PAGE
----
Firm news and client alerts that may be beneficial
Firm news and client alerts that may be beneficial
One of our prior newsletter items addressed employers’ concerns with continuing obligations under their pension and 401(k) plans. It focused on employers’ continuing obligations to fund their defined benefit pension plans and how they could “freeze” those plans to reduce their future contribution obligations.
This newsletter will focus on 401(k) plans and, in particular, the “safe harbor” contribution feature often adopted by employers.
In a 401(k) plan, the employees have the right to defer a portion of their wages and salary by contributing “salary deferrals” to the Plan, and the employer may add its own “profit sharing” feature as well. The employees’ salary deferrals are subject to a special non-discrimination test that in practice often requires the Plan to return to the higher-paid participants some of their deferrals.
Congress encouraged the adoption of 401(k) plans by allowing employers to use one of two safe harbor (“SH“) options to avoid the special non-discrimination test. One safe harbor is a flat 3%-of-pay employer contribution for all Plan participants regardless whether the participant contributed salary deferrals. The other is a matching feature that obligates the employer to contribute as much as 4% of pay, but only for those employees who make salary deferral contributions.
IRS considered SH features very generous and put stringent rules on their use, effectively preventing an employer from making any “mid-year” change to the SH once an employer adopted it. This held true whether changing from one SH to another, or if terminating the SH feature during the year.
These rules have been modified by recent legislation under the SECURE Act of 2019 and the CARES Act of 2020. Beginning 2020, an employer who put in a 3% SH feature can suspend or terminate the safe harbor at any time during the year after giving 30 days advance notice to its employees. But, unless the employer reinstates the 3% SH before the end of the year, the employer loses the “pass” it had on the special testing for deferrals. That will normally mean that either the employer will have to refund some of the salary deferrals made by its highly-paid employees, or make a special one-time contribution that is shared among its non-highly paid employees.
If the employer changes its mind later in the year (or even during the following year), it can reinstate the 3% SH effective retroactive to the beginning of the year, provided reinstatement occurs by December 1 (for a calendar year plan). If the reinstatement occurs after December 1 (and even as late as December 31 of the following year), the retroactive reinstatement is still effective, but the contribution increases from 3% to 4%.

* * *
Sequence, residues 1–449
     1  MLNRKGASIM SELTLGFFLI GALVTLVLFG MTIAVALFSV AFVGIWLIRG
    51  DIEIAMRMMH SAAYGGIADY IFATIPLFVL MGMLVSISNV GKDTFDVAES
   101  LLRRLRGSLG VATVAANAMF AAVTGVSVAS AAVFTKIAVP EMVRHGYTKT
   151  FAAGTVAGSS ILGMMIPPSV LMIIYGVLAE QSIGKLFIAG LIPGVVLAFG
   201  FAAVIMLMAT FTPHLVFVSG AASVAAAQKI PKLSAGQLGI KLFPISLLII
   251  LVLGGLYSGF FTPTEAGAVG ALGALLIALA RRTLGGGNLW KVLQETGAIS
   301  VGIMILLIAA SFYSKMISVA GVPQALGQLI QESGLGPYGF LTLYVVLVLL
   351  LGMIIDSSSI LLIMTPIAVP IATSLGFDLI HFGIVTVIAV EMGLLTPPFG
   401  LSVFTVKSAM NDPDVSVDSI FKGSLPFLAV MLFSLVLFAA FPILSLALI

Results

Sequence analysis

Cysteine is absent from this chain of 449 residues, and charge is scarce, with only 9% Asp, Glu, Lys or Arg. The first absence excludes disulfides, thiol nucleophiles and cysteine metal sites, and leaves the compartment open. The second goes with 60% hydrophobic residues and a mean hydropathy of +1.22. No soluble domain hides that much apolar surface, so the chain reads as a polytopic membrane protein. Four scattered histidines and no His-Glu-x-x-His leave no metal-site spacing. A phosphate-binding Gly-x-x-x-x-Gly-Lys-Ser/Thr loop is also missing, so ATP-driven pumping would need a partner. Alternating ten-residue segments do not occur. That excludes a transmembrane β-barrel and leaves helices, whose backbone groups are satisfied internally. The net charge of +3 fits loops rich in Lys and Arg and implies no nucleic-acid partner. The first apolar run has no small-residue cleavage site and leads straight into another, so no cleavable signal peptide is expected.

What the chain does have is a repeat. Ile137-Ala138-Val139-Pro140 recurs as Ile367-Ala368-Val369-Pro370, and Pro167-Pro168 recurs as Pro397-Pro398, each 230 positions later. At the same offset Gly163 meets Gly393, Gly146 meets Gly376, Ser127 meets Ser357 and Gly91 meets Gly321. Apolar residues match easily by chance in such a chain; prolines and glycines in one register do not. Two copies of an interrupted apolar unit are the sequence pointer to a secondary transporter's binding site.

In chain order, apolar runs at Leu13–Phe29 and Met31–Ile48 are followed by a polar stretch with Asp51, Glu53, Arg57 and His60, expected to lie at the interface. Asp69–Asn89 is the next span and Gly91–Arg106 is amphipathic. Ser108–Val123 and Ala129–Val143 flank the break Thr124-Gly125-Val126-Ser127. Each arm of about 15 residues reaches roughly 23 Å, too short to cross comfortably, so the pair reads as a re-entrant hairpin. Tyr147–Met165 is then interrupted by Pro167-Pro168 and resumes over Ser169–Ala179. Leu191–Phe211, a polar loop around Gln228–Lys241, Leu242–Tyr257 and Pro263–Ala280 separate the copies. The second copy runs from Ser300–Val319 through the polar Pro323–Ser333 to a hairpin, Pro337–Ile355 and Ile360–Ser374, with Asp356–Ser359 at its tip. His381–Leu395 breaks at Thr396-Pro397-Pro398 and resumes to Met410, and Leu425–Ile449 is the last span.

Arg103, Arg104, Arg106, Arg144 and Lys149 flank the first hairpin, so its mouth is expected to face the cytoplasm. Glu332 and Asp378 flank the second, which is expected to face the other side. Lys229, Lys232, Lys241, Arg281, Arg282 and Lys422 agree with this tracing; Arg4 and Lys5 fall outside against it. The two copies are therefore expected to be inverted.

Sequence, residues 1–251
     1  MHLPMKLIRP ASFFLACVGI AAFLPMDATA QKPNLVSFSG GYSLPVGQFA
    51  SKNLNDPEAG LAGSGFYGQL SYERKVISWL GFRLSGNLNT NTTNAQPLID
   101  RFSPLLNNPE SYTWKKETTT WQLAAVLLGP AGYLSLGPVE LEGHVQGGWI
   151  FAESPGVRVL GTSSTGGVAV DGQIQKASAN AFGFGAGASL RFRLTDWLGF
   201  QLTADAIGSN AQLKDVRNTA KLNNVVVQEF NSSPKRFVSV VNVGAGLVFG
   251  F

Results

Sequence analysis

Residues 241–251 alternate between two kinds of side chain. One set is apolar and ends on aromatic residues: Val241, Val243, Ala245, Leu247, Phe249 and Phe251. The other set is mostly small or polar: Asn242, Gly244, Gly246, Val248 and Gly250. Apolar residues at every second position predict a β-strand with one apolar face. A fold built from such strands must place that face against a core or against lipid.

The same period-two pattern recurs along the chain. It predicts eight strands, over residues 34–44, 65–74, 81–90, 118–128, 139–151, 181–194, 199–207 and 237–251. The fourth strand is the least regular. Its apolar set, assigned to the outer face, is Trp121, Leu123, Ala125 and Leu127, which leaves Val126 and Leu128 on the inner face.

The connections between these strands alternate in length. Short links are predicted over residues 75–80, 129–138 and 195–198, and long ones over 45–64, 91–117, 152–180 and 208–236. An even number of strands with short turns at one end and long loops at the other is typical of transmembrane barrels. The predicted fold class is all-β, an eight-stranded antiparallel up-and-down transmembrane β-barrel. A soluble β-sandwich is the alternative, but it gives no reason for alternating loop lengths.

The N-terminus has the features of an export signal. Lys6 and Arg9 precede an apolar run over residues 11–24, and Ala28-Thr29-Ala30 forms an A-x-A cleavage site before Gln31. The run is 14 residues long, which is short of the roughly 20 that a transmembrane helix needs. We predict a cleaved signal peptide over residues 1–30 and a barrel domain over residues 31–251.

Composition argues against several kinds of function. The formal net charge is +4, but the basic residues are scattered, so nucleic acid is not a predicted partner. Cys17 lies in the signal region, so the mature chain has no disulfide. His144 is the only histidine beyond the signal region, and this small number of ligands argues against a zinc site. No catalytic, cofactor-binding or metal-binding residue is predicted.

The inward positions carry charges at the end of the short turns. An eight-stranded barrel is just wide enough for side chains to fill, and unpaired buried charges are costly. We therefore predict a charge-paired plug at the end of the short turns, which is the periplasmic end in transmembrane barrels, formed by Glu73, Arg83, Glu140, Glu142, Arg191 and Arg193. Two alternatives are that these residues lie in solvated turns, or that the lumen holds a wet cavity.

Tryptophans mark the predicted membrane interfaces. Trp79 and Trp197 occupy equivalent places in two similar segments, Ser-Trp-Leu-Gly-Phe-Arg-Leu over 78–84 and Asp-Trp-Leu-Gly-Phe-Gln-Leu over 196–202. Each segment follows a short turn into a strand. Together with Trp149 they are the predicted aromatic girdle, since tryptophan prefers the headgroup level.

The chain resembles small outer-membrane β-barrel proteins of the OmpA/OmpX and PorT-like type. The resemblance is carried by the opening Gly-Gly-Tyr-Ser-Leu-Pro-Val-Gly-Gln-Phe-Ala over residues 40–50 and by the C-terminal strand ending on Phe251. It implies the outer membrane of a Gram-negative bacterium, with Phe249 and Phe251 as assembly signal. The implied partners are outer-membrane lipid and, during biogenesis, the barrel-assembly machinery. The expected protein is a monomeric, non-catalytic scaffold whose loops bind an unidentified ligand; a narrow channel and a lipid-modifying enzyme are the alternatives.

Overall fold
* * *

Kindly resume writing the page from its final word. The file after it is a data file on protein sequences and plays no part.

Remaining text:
This ability to suspend the safe harbor contribution mid-year and reinstate later in the year only applies to the 3% SH, not to the 4% match SH. If at any time during the year the Plan included the 4% match, no mid-year change can be made that gives the employer the opportunity to reinstate. In other words, suspending the 4% SH match will mean loss of the “pass” on the special non-discrimination test for that year and each ensuing year until a SH feature is again adopted.
With COVID-19’s enormous disruption to the nation’s workforce, this new ability to modify the safe harbor obligation mid-year should prove to be helpful to those employers with safe harbor.
An employer whose 401(k) plan does not already have a 3% SH feature may adopt that feature as late as 30 days prior to the end of the Plan Year (December 1 for a calendar year plan). The prior rule required adoption 90 days prior to the end of the year. The 90-day rule still applies if the employer is adopting the 4% match safe harbor.
One of the more annoying conditions to a valid safe harbor feature is the requirement that participants receive, prior to the beginning of each year, notice of the SH feature in the Plan. Participants had to be notified of either feature at least 30 days before the beginning of the Plan Year (or when the SH was being first adopted mid-year). Certainly, advance notice of a matching contribution feature is warranted, since we can only expect that a participant’s deferral election will be affected by the existence of the match. Why advanced notice was important in the case of a 3% fixed SH contribution still escapes this author. Someone in Congress saw the irrelevance of this, and now the notice requirement in the case of the 3% SH has been eliminated.
We trust these new rules will help employers to navigate the stressful times we are experiencing today. Should you have any questions, call any of us in the Pension Department:
Since 1979, the Syracuse-based law firm of SCOLARO FETTER GRIZANTI & McGOUGH, P.C. has provided sophisticated tax, business, litigation, employee benefits, estate and trust planning and administration services to its individual, business, entrepreneurial and professional clients throughout New York, Pennsylvania, Florida and other states in which its attorneys are admitted to practice.